How do I set up a hard drive and partition in Windows?

Updated: 04/26/2017 by Computer Hope

Unlike earlier versions of Windows, such as Windows 98, the fdisk command is no longer used to set up partitions. If you've installed a new hard disk drive on a computer that is running Windows or want to change the partitions, use the Windows Disk Management tool. However, if you still prefer a command line interface to set up drives, you can use the diskpart command.

Note: If this is a new computer and Windows has not yet been installed, boot from the Windows CD and start the installation. During the Windows installation, you can set up the drive and partitions. If you do not have a Windows CD and have an OEM computer, such as an Acer, Hewlett Packard, or Dell, the Windows install is done through a hidden partition.

To set up a new hard drive and partitions in Windows, you must have administrative rights or be part of the backup operators group and follow the steps below.

Open Disk Management

Windows 10

From the Windows desktop, press Windows key + X to open the Power User Task Menu. In the menu, select the Run option, type diskmgmt.msc in the Run text field, then press Enter to open Disk Management.

Windows 8

From the Windows Start Screen, type diskmgmt.msc and press Enter to open Disk Management.

Windows Vista and 7

Click the Start Orb and in the Search programs and files text field, type diskmgmt.msc and press Enter when Computer Management is selected.

Windows XP and 2000

  1. Click Start, then click Run
  2. In the Run text field, type diskmgmt.msc and press Enter.

Disk Management

Windows Disk Management

  1. The Windows Disk Management should resemble what is shown in the above picture and display all drives detected by Windows, including any disks that have not yet been set up. Any disks not yet set up will be shown as Not Initialized and Unallocated.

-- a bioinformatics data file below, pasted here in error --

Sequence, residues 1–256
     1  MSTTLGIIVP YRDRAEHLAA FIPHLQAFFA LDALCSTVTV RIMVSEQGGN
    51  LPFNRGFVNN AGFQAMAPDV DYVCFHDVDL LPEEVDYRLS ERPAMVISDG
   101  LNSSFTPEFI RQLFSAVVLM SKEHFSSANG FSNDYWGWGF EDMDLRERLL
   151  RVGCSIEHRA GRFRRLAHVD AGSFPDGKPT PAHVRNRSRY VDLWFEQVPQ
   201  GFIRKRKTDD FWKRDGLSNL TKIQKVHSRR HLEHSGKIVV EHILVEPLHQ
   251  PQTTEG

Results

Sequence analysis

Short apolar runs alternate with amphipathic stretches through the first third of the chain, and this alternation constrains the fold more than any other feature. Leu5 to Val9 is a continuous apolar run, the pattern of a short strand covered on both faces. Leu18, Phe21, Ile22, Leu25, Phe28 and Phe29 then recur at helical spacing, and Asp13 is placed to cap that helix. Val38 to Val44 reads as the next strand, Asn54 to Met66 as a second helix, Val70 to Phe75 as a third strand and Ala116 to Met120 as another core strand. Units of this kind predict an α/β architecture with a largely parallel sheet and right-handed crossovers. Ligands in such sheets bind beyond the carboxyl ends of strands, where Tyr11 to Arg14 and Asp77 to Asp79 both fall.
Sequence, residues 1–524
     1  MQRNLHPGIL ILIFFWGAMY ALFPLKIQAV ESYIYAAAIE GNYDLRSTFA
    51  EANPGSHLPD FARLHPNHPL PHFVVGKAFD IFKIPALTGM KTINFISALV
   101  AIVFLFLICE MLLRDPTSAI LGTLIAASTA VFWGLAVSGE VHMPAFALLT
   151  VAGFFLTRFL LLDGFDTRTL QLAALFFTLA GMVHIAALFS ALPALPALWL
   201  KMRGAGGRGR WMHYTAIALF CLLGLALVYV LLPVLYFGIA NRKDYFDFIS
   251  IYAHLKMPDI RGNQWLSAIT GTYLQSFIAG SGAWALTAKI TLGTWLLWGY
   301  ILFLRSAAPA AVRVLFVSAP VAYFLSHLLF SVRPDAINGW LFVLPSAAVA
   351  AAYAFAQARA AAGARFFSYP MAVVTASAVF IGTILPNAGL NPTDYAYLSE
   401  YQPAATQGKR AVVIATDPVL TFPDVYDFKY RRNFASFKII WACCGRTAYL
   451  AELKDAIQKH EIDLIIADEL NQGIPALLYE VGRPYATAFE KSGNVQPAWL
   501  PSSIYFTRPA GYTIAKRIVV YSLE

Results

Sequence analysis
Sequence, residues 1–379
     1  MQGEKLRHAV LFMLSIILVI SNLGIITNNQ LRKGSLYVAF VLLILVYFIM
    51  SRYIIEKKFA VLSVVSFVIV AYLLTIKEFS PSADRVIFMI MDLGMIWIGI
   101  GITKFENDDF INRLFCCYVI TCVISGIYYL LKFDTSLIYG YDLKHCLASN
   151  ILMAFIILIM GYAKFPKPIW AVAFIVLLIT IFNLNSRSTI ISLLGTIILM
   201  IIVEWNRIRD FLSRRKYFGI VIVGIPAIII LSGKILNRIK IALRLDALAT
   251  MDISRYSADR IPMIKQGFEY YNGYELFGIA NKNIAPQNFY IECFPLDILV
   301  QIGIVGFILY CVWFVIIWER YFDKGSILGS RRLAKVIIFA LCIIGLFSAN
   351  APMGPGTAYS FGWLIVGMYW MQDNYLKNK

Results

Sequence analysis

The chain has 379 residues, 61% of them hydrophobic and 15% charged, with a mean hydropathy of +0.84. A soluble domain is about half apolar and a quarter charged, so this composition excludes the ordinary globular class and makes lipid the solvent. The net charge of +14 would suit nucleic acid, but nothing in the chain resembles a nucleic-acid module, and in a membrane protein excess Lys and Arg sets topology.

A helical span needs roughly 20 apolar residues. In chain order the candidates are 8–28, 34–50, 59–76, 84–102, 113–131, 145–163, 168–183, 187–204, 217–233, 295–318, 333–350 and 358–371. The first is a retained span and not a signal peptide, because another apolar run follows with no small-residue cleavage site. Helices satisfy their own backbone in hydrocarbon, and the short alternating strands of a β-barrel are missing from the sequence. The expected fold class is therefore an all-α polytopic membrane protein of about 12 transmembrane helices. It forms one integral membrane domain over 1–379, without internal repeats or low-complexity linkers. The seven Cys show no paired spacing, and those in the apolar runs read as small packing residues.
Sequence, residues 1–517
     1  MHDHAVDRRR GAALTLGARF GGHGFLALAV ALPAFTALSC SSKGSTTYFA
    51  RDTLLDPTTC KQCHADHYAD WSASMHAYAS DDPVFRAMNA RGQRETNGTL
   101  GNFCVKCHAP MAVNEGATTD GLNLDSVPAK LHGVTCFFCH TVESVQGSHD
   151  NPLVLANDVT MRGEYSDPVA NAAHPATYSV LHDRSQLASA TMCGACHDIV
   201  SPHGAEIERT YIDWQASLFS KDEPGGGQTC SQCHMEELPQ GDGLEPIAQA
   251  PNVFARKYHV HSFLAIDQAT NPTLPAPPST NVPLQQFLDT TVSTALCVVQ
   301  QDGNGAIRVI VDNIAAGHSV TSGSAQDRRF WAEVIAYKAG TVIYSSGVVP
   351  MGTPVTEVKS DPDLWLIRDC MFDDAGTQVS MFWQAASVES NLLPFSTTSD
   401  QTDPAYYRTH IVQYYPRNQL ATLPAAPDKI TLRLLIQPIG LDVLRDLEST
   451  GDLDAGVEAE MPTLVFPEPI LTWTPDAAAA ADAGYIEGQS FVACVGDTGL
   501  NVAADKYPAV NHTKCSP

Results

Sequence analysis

2. Right-click on the Disk you want to set up or change. For example, if we were setting up Disk 1 in the above example, we would right-click on Disk 1 and select Initialize Disk.

    If you're running a new version of Windows with a computer that supports GPT, you'll be prompted for the Partition Style. For most users, leaving it as MBR will be sufficient. If you're setting up a drive or partition larger than 2 TB or want to use the latest partitioning style, select GPT.

    GPT or MBR
  3. Once the drive has been initialized, right-click the drive and select New Partition or New Simple Volume depending on your version of Windows. Both of these options open a new wizard that will step you through the process of setting up a drive in Windows. Below is additional information and links to terms you may be unfamiliar with when setting up the drive.

Partition or Volume Size - By default, the size will be the maximum capacity in MB of the drive. If you want the drive to have multiple partitions, change the size to the size of the partition you desire. The remainder of the drive can be allocated later and, if you specify the maximum size, you can also shrink this size at a later time.

Drive letter or Path - Each drive or partition in Windows can be assigned an available drive letter. Most Windows users prefer this setting. However, versions of Windows which support NTFS can also mount a drive to a folder on an existing drive. If you plan on using the drive to store only a specific type of file, such as pictures, music, or programs, this can be especially useful.

Format - Finally, the format of the drive specifies the type of file system you want to use on the computer. For most users, we highly recommend leaving it at the default NTFS file system. Other options may include FAT32 or exFAT depending on your version of Windows.

After all of the above steps have been completed, depending on the size of your drive or partition, Windows will format the drive and then open a new window after the drive has been created.

Additional information